Remember: your emotional stability is your weapon, without it you can’t go to war with your man. He will fight you with all the beautiful words in the world and all the unforgettable history you both had. Fight back with your stability and you shall win.
5. Don’t push yourself.
Now that we know we want to leave, it is better not to draw a time frame—we can take all the time we need to do it. Maybe we will be ready in a week, and maybe in a year. Some of us might stay longer, to get over the relationship while staying with him. This way, once we’re not together anymore, we won’t suffer as much.
Take for instance people suffering from alcoholism or drug addiction. To refrain from their habits, some might slowly cut back before they are ready to completely stop.
6. Plan your future.
One thing we don’t want to happen after leaving, is to regret what happened. In order to prevent this, we should plan our future ahead of time. Maybe plan a trip, register for activities, programs, even meditation classes. Never leave yourself without any plans, at least at the beginning of your journey alone.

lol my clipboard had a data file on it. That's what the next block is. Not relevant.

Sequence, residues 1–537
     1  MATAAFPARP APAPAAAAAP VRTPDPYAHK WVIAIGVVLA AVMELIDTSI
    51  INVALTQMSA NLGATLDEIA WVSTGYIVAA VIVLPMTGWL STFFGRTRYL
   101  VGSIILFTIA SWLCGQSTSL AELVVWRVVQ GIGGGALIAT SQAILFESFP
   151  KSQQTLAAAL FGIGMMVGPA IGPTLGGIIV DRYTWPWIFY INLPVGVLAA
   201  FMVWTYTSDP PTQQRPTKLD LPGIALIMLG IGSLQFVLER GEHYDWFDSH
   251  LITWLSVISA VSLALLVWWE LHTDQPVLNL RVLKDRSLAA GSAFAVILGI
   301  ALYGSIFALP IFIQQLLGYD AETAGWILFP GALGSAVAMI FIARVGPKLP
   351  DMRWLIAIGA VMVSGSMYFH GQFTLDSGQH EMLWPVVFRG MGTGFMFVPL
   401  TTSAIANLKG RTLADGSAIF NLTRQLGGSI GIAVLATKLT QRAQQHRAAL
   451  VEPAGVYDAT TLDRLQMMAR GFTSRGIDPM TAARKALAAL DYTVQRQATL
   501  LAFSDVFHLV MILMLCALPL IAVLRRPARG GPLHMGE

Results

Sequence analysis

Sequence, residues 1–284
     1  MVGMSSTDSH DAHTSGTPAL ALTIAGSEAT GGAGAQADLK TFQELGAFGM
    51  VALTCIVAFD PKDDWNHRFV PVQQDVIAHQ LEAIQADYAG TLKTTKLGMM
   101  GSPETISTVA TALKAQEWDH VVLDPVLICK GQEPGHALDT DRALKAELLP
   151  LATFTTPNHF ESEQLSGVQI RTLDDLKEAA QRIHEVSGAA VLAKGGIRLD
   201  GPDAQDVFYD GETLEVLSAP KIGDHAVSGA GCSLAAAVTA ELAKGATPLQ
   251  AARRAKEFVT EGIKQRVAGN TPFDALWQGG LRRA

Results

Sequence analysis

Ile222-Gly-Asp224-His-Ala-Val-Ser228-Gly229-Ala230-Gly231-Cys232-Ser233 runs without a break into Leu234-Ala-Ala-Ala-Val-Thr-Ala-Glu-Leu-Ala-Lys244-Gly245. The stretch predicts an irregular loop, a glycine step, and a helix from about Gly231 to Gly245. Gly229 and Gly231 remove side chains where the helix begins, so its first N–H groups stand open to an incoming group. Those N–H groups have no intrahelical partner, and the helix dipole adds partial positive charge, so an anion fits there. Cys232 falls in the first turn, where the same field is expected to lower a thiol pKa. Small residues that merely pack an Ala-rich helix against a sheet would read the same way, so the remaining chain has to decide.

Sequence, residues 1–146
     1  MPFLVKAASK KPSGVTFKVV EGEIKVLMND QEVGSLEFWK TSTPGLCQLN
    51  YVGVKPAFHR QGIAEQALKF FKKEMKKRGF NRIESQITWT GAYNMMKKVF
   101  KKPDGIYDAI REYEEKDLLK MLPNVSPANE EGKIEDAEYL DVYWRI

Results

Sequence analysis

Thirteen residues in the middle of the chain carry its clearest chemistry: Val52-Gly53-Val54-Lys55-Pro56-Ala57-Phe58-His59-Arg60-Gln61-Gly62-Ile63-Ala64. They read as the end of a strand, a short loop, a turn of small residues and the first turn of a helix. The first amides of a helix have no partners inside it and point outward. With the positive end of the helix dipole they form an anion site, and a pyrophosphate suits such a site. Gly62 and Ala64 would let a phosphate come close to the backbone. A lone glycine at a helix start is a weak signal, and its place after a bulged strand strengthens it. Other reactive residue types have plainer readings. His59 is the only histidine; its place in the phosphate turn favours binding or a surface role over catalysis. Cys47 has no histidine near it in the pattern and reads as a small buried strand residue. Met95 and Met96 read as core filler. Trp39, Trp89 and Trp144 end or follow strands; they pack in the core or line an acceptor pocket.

When a relationship ends, we should use our time wisely. To prevent feeling lonely or bored—and particularly regretful—we should keep ourselves busy so we don’t drown in negative thoughts.~
When using this guide women should keep in mind that they’re the only ones responsible for their own happiness. There is no such thing as “accepting reality”—we are the creators of our reality.
Love shouldn’t make us miserable or doubtful. If it does, then it’s not love. It’s only a false image of love that is controlled by ego, attachment and neediness. Never be weakened by fear. Fear is a liar. Follow your intuition, be strong, and remember: everything looks hard from a distance.
Author: Elyane Youssef
Editor: Catherine Monkman